This past weekend left many wondering – what happened? June arrived in the midst of summer heat, but by the time we woke up Saturday, mid-April was back in place, and it appears we’ll remain in a cool, April showers mode through much of this week. What did happen? The heat migrated west to the northern Plains and Prairies of Canada, and high pressure strengthened to our east over the North Atlantic. This left room for a pool of cold, unsettled air to drop in right over us, now trapped between the two high pressure systems to our west and east. The surface weather maps show a storm over the western Atlantic drifting northwest toward us, and high pressure building again over over Hudson Bay. The expectation is for the ocean storm to continue north toward the Bay of Fundy between Maine and Nova Scotia by midweek, while the cold high takes its time sliding east through northern Quebec, pushing a cold front south as the leading edge of the colder air. As the ocean storm drifts north, this morning’s showers through NH and far eastern VT will decrease this afternoon, followed by some partial clearing tonight. At the same time, the cold front settles south, with a few stray showers in the St. Lawrence Valley late today, drifting south into eastern NY tonight. Another note – wildfires in Quebec may also send smoke into portions of the region, especially west of the Green Mountains, a situation we will continue to monitor. Tomorrow, moisture pivoting around the storm to our east brings more clouds east and north of I-89, with showers increasing tomorrow afternoon, while clouds increase west and south, with a stray shower possible later in the day. From Tuesday night into Wednesday, the storm to our east near Nova Scotia strengthens, sweeps clouds over the entire region, with showers becoming likely through northern areas, more scattered south, but the clouds and showers will suppress the temperatures, in the low 60s south, and only the 50s to near 60 north. For Wednesday night into Thursday, the storm appears to stall just to our east, which keeps showers in the forecast, more so in eastern areas closer to the storm, but the placement of the storm will be critical to the location and extent of the clouds and showers. A westward shift in the storm’s circulation would increase the showers, and keep temperatures even cooler. By Friday, the storm is forecast to weaken, which would decrease the showers, and permit more breaks of sun. Again, those details will be dependent on the evolution of the storm through the week. The cool temperatures and rain showers should leave light to moderate amounts of rain, effective in helping short term soil moisture.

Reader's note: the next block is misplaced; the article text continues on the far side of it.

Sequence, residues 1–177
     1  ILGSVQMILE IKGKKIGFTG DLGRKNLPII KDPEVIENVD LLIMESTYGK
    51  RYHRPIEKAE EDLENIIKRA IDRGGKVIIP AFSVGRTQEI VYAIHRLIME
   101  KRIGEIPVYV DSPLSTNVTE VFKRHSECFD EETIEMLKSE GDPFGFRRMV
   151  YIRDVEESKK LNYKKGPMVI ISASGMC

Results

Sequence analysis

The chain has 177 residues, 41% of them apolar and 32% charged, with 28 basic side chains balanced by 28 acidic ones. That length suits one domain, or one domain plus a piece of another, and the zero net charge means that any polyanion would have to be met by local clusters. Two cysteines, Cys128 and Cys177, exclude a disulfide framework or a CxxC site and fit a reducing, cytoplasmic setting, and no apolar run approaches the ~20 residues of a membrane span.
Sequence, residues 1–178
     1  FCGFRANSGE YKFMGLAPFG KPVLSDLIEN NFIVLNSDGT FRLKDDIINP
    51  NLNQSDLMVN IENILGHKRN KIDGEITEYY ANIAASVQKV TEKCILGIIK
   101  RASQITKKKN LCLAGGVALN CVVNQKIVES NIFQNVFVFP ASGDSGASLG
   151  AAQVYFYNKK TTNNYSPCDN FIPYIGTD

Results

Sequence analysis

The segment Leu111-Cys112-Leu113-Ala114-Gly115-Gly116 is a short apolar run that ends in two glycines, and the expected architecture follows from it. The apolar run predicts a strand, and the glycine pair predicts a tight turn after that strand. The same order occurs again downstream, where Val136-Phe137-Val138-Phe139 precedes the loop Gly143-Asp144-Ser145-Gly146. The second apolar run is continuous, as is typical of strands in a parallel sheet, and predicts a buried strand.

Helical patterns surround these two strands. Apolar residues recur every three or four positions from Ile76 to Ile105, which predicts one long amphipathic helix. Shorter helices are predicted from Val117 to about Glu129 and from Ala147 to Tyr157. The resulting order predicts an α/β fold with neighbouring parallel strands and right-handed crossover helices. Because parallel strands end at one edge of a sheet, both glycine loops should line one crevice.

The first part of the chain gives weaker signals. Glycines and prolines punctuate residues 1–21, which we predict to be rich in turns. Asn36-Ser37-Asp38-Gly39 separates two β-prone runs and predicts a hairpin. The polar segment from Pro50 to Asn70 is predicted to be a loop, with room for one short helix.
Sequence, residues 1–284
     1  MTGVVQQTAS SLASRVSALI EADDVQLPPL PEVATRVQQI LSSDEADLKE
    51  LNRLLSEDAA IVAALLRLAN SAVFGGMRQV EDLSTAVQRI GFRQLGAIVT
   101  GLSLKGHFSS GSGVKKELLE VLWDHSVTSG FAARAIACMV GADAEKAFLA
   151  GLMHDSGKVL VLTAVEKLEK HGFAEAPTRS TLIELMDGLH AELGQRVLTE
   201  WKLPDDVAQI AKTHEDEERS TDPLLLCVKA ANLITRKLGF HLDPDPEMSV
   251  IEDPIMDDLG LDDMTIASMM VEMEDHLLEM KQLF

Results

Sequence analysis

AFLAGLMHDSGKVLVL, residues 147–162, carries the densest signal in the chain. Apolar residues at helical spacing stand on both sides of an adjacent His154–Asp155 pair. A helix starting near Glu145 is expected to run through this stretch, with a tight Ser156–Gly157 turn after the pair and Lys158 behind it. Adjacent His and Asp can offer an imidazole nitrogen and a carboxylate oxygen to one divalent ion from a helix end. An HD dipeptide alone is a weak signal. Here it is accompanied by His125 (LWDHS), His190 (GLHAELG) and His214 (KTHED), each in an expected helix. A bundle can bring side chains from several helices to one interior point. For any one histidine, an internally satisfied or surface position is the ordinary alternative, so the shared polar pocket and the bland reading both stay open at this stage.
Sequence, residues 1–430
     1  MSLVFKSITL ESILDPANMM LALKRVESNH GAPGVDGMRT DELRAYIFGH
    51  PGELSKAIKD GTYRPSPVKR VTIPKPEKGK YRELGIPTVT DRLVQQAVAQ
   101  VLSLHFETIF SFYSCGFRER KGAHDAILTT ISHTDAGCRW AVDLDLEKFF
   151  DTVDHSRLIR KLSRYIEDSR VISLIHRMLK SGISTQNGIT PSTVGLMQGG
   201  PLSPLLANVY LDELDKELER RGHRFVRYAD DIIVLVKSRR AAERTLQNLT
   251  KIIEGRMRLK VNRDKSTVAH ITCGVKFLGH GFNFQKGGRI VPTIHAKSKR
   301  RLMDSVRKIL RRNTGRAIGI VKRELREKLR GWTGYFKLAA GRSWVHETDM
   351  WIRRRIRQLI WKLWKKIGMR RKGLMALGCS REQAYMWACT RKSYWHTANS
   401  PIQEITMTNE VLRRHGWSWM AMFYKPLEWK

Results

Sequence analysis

Farm & Garden
Mainly dry through VT, and south of the Adirondacks. A few showers in the St. Lawrence Valley and northern NY later in the day, covering less than 30 percent of the area, with amounts, less than 0.10 inches, and scattered showers in the CT Valley and NH, covering 40 percent of the area, where amounts of 0.10 to 0.20 inches are possible. Showers likely on Tuesday into Tuesday night from the Adirondacks, Rt. 4, and White Mountains north, covering 70 percent of the area with amounts of 0.10 to 0.30 inches, and 40 percent farther south, with amounts less than 0.10 inches. Additional showers Wednesday, diminishing Wednesday night, again covering 70 of the north, 40 percent of the south, with amounts of 0.10 to 0.20 inches north, less than 0.10 inches south. Scattered showers decreasing Thursday and Friday, with localized, light amounts.
Good drying conditions today, with minimum relative humidities near 40 percent, except fair from the CT Valley into NH, where showers are possible, and minimum relative humidities hold near 65 percent. On Tuesday, fair drying conditions southwest, with minimum relative humidities near 55 percent, fair to locally poor drying conditions developing northeast, with an increasing chance of showers, as minimum relative humidities holding near 65 percent. Fair to poor drying expected Wednesday, with showers likely, and minimum relative humidities near 75 percent. Fair to poor drying Thursday, with a good chance of showers, improving to fair to good drying Friday with a decreasing chance of showers.
No frost indicated through the week.
Wind by Elevation
|2000ft||N 10 to 25 mph||NNW 10 to 20 mph||NW 15 to 25 mph|
|4000ft||N 20 to 30 mph||NNW 10 to 25 mph||NNW 20 to 35 mph|
|6000ft||NNE 30 to 45 mph||NNW 20 to 35 mph||N 30 to 45 mph|
Temperature by Elevation
|Temperature at Elevation|
|2000ft||60 NE/65 SW||55 N/62 SW||54 N/60 SW|
|4000ft||55 to 60||50 to 55||near 50|
|6000ft||35 to 40||35 to 40||30s|
June 5, 2023
Sunrise: 5:08 AM
Sunset: 8:30 PM
Length of the day:
15 hours 22 minutes
A severe frost struck much of the northeast, midwest, and Great Lakes on this date in 1859. Crops were severely damaged in New England, with most of the corn crop forced to by cut down and started again. 7 AM temperatures – about 3 hours after sunrise, bear testimony to the cold – with 40 degrees in Burlington, 38 in St. Johnsbury, and 36 in Brandon. Lowest temperatures are likely to have been 8 to 10 degrees colder.